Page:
A tragic story out of Florida where two girls, ages 12 and 14, were arrested for cyber-bullying another girl, who took her own life. The case sheds light on the current severity of the bullying culture.
The 12-year-old bullying victim killed herself after being picked on for months by as many as 15 others. The girl who allegedly pushed her to the brink now faces criminal charges. Police say the perpetrator bragged about the bullying online and that had them worried about who she might target next.
It all started with one girl, but she reportedly scared the others into joining her in the bullying. A metro child psychologist says bullying is part of human nature, but that does not mean we should let it happen.
“Bullying is not just a rite of passage, it's not something people should just expect as part of their childhood, that's a misconception that I think the increased awareness that we've seen across the country can address,” says Omaha Public Schools supervisor of counseling Nancy Bond.
One of the biggest problems with bullying is that most of the time the perpetrators don't see themselves as being at fault.
October is Bullying Prevention Month. If we want to really cut down on the problem, there are three distinct groups to address. When we talk about bullying, focus almost immediately turns to the victim. There is of course also the perpetrator, but completing that triangle is the bystanders. It's more important than ever before to pay attention to this group as some of the worst bullying today happens online.
"When a bullying incident does occur, then larger numbers of students are made aware of that incident so it becomes more public and that is more damaging, more harmful for the student involved,” says Bond.
Parents of girls will want to pay closest attention to the current culture. Girls tend to use rumors and taunts to bully while boys are more likely to bully physically. As for schools, studies show there's little to no difference between bullying in suburban, rural or inner city schools.
At the root of the bullying issue is our natural need for control. Child psychologist Dr. Patricia Newman recommends we start to give our kids control in small ways, like picking out a sweater or sweatshirt in the morning or letting them decide whether to have a banana or apple with breakfast. Very minor, but it starts to give them a sense of healthy control. These are lessons Dr. Newman's group Respect teaches in schools and even businesses. They turn examples of bullying into interactive performances, teaching kids different ways to respond to anger, hurt and power struggles.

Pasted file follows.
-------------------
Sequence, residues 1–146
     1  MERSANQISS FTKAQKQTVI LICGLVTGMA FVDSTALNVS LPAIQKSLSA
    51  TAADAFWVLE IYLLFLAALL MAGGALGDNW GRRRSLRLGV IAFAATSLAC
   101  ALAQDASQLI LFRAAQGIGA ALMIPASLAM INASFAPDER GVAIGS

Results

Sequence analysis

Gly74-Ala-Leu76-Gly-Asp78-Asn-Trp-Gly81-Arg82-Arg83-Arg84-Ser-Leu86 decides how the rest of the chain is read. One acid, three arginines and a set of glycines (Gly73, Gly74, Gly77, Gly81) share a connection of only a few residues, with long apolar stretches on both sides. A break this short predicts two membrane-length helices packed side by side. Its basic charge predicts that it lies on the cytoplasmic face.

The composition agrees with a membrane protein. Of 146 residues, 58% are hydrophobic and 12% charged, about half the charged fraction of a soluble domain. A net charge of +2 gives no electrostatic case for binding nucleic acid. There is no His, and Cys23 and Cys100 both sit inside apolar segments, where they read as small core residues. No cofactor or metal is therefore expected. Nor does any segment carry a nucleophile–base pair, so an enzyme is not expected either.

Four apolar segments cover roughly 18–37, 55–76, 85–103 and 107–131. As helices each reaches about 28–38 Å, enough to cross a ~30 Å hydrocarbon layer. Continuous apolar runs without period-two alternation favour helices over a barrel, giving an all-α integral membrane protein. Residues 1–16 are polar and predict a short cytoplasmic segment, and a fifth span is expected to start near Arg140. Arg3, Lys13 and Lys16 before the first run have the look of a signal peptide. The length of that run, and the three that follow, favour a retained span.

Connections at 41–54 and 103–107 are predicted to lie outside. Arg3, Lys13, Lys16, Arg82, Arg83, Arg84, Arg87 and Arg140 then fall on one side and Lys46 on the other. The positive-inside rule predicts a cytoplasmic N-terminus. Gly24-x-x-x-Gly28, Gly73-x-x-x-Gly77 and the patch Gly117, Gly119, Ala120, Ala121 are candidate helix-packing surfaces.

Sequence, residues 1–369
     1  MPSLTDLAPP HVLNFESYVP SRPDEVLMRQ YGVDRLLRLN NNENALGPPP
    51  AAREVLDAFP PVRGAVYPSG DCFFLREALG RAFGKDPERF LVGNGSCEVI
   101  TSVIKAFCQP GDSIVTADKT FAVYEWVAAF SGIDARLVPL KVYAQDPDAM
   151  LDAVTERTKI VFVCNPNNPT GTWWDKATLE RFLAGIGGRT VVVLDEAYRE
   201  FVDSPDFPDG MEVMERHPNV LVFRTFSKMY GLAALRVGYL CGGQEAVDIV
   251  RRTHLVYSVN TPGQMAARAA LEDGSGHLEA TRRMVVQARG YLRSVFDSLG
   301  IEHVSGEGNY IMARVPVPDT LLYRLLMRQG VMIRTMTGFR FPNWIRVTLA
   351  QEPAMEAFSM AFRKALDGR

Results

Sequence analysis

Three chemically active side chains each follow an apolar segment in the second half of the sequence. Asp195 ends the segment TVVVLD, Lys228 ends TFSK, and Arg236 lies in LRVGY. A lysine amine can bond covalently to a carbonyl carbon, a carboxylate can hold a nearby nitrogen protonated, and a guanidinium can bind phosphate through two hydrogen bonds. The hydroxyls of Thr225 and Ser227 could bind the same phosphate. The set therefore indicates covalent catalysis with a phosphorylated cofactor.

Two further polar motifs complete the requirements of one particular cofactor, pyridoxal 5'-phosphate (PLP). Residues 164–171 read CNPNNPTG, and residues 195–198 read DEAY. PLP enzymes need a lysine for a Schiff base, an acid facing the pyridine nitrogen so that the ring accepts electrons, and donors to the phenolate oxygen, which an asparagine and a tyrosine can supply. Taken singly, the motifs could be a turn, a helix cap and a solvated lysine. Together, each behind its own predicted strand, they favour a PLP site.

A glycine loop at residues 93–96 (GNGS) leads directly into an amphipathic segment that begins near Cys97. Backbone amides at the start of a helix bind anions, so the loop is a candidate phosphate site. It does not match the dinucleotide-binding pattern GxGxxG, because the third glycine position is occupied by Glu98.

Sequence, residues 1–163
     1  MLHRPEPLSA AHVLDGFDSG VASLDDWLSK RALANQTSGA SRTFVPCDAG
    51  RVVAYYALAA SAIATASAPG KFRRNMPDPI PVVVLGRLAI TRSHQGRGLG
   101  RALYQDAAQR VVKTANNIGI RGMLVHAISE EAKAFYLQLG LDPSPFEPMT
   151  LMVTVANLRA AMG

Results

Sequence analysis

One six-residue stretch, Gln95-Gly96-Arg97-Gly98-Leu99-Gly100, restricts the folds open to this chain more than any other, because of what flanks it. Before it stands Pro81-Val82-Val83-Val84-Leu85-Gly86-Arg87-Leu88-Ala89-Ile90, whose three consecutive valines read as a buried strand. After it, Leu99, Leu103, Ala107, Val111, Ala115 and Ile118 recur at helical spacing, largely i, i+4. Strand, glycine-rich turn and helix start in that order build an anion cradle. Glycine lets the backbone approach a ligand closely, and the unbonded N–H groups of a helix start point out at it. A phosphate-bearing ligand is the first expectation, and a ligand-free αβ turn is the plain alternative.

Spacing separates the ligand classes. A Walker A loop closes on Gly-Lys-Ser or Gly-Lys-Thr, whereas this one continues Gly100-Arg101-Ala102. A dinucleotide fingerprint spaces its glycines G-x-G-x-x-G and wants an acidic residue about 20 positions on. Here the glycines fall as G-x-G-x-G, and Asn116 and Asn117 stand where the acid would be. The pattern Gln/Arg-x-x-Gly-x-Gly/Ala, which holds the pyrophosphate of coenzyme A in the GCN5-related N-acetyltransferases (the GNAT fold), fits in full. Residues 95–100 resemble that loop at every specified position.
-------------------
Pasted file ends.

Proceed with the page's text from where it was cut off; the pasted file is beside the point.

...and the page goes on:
“I wanted that toy so I went in and smashed that guy to get it when power might be, I went over and said that's my toy. I want it back please. So to be assertive and to use your language and your posture and to explain what you want, that is being assertive."
This all goes back to social competencies, an issue Omaha Public Schools' counselors say is a priority in their bullying conversation.
As bullying issues increase online, we're also finding more teaching moments through technology. Kids easily connect with computers and they're probably pretty good at video games. So between Grand Theft Auto marathons, why not try out Awesome Upstander? The point of the game is to move through school collecting friends along the way to help you stand up between a bully and a would-be victim.
The page also gives fun definitions of what it means to be an "upstander.” Those include "you see the best in people and teach your kids to do the same" or "you believe that being cool is never an excuse for being cruel."
"What we do want is kindness and respect,” says Bond. “I think carrying that message forward in terms of the positive behaviors that we want in school and in the workplace for the future and kindness and respect go a long way to preventing many risk behaviors from occurring."
The game is free online. It's also an app available in the Android market.